Computer CodeQuantum Computing

IDC lowers forecast for quantum computing spend

The development of hardware for use in quantum computing has progressed slower than anticipated, prompting the market intelligence company International Data Corp. (IDC) to revise its spending forecast downward to $7.6 billion by 2027, in contrast to its projections of $8.6 billion made in 2021.

IDC foresees growth in quantum computing expenditure, currently standing at $1.1 billion in 2022. This translates to a five-year compound annual growth rate (CAGR) of 48.1%. The forecast encompasses both fundamental quantum computing-as-a-service and the supporting and adjacent quantum computing services.

The majority of this growth will be driven by the maturation of quantum computing infrastructure and platforms, along with the expansion of performance-intensive computing workloads suitable for quantum technology.

IDC forecasts worldwide quantum computing market to grow to $8.6 billion in 2027
Deconstructing Quantum Computing

“While today’s quantum computing systems may only be suitable for small-scale experimentation, continuous advancements are being made at a consistent pace,” said Heather West, Ph.D., a research manager within IDC’s Enterprise Infrastructure Practice. “Organizations should not be dissuaded from investing in quantum initiatives now to ensure their readiness for the quantum future.”

Within this forecast, IDC distinguishes between fundamental quantum computing-as-a-service, as well as the spending by customers on enabling and related quantum computing services. The report also delivers an overview of the market, highlighting trends in quantum computing investments, as well as the drivers and challenges faced by quantum computing vendors and cloud service providers.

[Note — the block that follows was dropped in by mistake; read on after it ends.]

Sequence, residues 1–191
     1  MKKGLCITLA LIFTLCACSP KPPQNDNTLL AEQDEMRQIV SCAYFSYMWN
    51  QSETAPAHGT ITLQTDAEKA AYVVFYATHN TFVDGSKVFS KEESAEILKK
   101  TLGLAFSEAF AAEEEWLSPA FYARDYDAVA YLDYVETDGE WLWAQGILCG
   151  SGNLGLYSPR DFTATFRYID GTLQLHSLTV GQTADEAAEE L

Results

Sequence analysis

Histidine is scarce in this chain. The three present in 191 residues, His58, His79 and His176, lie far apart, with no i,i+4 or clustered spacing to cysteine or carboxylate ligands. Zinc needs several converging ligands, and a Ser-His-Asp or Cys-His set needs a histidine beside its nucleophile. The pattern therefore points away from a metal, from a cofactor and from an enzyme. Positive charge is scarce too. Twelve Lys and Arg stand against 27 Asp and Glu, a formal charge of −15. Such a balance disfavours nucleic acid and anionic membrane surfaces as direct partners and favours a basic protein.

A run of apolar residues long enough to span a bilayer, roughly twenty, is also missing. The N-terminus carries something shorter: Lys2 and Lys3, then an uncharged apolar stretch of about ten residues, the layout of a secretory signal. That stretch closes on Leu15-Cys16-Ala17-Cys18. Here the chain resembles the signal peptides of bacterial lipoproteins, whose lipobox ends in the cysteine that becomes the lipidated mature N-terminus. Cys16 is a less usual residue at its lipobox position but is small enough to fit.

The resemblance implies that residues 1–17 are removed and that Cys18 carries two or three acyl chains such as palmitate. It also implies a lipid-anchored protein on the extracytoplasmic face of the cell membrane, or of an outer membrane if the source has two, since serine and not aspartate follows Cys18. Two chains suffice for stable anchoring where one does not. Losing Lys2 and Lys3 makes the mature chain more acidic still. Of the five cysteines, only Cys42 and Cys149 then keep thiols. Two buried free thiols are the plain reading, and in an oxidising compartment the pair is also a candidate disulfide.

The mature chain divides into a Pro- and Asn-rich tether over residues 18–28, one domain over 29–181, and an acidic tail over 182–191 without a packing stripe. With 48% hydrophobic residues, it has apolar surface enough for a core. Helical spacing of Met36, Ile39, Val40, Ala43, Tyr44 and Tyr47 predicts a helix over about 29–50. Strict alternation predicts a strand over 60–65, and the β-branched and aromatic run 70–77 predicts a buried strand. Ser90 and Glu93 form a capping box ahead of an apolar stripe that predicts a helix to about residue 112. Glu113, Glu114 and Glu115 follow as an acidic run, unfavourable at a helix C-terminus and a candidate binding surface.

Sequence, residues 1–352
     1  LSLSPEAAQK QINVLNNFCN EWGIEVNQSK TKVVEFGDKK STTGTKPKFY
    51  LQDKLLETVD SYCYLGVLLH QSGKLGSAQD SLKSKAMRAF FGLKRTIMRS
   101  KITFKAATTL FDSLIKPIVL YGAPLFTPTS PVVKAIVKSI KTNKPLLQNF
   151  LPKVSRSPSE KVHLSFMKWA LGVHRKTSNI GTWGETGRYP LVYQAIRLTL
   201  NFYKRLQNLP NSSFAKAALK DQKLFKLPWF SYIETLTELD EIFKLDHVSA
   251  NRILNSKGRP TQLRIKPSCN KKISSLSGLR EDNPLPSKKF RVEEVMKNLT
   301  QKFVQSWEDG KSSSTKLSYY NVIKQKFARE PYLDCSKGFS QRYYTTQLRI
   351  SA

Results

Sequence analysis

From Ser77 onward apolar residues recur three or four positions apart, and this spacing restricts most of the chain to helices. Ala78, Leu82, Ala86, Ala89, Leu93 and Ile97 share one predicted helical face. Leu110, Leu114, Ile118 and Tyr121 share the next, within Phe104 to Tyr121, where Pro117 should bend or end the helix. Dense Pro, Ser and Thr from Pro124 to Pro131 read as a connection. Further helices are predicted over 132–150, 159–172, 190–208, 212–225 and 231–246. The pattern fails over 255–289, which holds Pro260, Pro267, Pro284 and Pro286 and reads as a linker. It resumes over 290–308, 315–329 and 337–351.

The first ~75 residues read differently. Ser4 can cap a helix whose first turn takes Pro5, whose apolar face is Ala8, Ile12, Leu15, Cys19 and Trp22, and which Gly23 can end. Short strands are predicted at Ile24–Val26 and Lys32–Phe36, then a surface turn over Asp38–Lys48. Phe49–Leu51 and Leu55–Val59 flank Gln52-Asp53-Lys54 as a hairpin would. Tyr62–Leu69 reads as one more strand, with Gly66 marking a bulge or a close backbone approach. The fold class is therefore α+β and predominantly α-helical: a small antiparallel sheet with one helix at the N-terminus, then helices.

Quantum computing investments

In addition to the sluggish progress in quantum hardware development, IDC identified renewed interest in artificial intelligence, particularly generative AI, as one of the factors contributing to the delay in quantum computing advances. Other contributing factors include macroeconomic conditions, elevated interest and inflation rates, and possible economic recessions.

IDC asserts that a substantial development in quantum hardware is important for the industry’s acceleration.

Until that milestone is reached, much of the growth will be fueled by the maturation of quantum-computing-as-a-service infrastructure and platforms, as well as the expansion of performance-intensive computing workloads suited for quantum technology.

IDC also expects that investments in the quantum computing market will experience a CAGR of 11.5% over the 2023-2027 forecast period, culminating in nearly $16.4 billion by the end of 2027. This encompasses investments from publicly and privately funded institutions, internal allocations (R&D expenditures) from technology and services vendors, and external funding from venture capitalists and private equity firms.

The IDC said that the rising interest in quantum computing by global government agencies; as of now, 14 such agencies (13 countries and the European Union) have unveiled quantum initiatives spanning multiple years, set to generate billions of dollars for quantum computing research.